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10 Gift Ideas That Will Make Someone Love You (Without Breaking the Bank)

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10 Gift Ideas That Will Make Someone Love You (Without Breaking the Bank)

The holiday season is upon us. And we know what you must be thinking: “What am I going to get my friends and family this year?”

With work projects, going to the gym, cooking dinner, and planning for the holidays, it might be difficult to put in the time to research what gifts we should get for our loved ones. This is especially true in instances where there are several gifts we have to buy in advance!

Have no fear. In this post, we share unique experiences, useful time-saving tools, fun games, and more that serve as great gift ideas that will make your friends and family love you. Best of all, none of the gift ideas break the bank!

Read on for 10 unique gift ideas for the holidays that will make your loved ones feel loved and adored:

1. Trip to the Spa

What beats celebrating the end of the year than with a relaxing trip to the spa? Even though most of us could benefit from a day at the spa, we rarely seek it out actively. This is why a gift card or a spa package is a perfect gift for a loved one that could use a de-stressor in their lives.

Where to get it: Most spas in your local city will have a gift card package that you can purchase for the holidays. Or, you can also check out daily deal websites, like Groupon, where they always have these types of deals happening.

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    2. Cooking Classes

    Is one of your goals next year to eat in more? You can save money, learn the art of cooking, and invest the savings into other things more important to you. If you have a spouse, family member, or rooommate that shares your goals, you can offer them cooking classes to encourage them to cook at home more.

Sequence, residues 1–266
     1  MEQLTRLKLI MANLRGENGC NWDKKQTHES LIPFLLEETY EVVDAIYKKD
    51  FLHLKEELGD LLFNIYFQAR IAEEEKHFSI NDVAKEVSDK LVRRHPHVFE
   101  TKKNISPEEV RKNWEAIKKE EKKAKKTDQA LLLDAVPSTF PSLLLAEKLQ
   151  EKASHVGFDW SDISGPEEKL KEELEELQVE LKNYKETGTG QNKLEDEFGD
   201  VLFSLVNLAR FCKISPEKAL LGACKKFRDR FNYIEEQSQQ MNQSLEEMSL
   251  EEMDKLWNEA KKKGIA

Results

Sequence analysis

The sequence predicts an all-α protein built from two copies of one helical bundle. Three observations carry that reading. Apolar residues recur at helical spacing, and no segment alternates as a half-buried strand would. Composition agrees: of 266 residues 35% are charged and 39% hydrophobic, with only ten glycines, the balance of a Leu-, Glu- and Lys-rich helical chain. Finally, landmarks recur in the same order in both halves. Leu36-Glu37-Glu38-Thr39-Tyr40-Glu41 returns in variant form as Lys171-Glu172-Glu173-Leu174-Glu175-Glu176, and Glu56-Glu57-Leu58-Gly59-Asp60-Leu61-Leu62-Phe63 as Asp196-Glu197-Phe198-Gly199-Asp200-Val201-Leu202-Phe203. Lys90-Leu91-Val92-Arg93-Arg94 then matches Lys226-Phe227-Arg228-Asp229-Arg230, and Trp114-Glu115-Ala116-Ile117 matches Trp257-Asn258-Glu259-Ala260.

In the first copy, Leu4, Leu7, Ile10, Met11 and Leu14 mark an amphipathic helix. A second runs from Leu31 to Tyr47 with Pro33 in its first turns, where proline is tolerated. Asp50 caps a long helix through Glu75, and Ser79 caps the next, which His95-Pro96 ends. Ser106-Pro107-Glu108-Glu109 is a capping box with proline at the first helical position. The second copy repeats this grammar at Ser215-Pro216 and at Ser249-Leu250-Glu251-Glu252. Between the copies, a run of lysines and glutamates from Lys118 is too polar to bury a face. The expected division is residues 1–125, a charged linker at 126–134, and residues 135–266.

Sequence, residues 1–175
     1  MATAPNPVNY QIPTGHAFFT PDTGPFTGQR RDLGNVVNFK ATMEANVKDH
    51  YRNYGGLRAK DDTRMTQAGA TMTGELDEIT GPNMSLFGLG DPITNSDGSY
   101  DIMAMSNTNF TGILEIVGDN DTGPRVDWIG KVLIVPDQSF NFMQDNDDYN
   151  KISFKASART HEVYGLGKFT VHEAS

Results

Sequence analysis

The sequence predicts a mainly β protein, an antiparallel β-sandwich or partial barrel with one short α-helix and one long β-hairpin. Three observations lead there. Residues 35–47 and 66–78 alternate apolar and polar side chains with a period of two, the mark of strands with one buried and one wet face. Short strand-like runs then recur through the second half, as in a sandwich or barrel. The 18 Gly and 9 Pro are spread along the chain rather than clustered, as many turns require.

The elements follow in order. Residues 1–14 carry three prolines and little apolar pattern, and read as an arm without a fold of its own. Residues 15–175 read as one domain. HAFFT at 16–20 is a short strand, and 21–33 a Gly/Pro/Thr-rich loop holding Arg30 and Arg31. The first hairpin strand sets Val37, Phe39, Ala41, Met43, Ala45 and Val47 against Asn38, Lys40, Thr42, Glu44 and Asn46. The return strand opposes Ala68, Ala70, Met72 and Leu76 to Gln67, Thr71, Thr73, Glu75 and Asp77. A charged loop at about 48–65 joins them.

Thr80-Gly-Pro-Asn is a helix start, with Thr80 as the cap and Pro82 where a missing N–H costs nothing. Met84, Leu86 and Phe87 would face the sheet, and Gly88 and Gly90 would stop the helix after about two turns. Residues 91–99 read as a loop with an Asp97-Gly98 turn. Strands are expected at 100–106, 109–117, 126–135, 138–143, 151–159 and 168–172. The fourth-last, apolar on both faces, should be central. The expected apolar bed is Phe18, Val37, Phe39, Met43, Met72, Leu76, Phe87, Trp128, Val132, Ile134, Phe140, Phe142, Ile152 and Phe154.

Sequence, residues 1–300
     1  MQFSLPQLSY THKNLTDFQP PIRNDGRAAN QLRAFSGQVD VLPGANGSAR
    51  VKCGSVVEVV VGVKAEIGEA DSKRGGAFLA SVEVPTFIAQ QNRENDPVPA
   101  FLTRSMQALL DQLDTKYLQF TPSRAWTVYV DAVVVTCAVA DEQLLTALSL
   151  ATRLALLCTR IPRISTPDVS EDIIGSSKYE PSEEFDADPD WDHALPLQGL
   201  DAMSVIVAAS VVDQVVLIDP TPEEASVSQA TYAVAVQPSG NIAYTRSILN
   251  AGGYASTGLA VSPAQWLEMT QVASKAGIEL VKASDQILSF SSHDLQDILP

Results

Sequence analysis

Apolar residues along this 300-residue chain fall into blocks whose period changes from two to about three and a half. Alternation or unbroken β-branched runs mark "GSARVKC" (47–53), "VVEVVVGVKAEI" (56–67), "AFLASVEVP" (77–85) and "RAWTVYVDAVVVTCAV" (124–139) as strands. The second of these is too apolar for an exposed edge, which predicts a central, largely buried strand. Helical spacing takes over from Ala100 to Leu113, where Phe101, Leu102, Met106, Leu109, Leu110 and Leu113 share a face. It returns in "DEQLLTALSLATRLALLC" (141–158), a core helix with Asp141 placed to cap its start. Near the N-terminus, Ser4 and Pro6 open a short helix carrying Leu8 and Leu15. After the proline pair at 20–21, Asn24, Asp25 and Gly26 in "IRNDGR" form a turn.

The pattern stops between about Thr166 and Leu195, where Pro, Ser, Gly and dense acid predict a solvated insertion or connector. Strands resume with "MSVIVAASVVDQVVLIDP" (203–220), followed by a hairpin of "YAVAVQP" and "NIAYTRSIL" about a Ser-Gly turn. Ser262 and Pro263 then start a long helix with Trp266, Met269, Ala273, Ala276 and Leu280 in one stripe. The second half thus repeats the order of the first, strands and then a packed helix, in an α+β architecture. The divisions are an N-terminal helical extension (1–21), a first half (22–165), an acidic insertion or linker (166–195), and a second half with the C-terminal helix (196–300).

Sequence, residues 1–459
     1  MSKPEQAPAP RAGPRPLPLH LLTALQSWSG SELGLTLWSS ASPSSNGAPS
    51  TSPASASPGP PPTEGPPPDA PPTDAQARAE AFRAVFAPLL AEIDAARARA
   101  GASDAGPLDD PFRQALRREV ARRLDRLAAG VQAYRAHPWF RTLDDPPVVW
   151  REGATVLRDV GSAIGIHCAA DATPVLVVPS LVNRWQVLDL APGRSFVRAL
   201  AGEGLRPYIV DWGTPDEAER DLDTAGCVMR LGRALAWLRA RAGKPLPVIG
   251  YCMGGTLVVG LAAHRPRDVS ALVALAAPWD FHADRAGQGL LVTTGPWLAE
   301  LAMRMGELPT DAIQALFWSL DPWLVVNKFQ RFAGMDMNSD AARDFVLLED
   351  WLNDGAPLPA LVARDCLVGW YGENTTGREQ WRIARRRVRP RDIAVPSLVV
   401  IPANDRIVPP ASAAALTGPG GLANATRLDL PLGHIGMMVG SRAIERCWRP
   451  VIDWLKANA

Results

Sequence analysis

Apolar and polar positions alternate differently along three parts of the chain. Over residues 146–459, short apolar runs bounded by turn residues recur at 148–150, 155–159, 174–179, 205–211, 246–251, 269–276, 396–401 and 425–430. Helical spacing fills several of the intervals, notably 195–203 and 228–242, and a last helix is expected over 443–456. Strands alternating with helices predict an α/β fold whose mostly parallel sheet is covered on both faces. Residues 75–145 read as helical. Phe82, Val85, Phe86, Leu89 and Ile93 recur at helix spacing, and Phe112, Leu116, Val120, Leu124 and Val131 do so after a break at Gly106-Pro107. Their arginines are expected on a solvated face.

Where to get it: There are many cooking classes on daily deal websites or you can check out websites like Course Horse, as well. Another viable option is to subscribe for weekly prepared ingredients sent to your door through services like Blue Apron.

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      From blueapron.com

      3. Private Language Lessons

      If you know someone who enjoys traveling to different locations or if you have plans to travel together with them, there’s no better way to prepare than learning the language of the country you’ll be visiting. Besides, what better way to show that you care about someone than helping them improve their education and knowledge?

      Where to get it: You can check out language learning websites like Rype, offering monthly subscriptions for 1-on-1 lessons online with handpicked professional teachers. Their Gift section allows you to send digital gifts instantly without breaking the bank.

      Rype
        From rypeapp.com

        4. Fun Card Games

        Not sure what to do with the family over the holidays? A safe bet is gathering around to play card games together. But not just any card games, we’re talking fun (and perhaps R-rated) games that will have you on the floor laughing.

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        Where to get it: The card game Exploding Kittens has been all the rage online and makes for an excellent game with friends and family. Cards Against Humanity is another classic choice that you can’t go wrong with. Keep in mind that both options have a PG version that you can play with younger people, if needed.

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          5. Home Automation Tools

          A new trend that has been on the rise is home automation tools. Google recently bought a company called Nest, which is the world’s first learning thermostat. Today, they have products for indoor and outdoor cameras and smoke detectors that you can install in your home. Another option is a smart assistant like Amazon Echo, which is an artificial intelligence system that you can ask any question to and it will answer.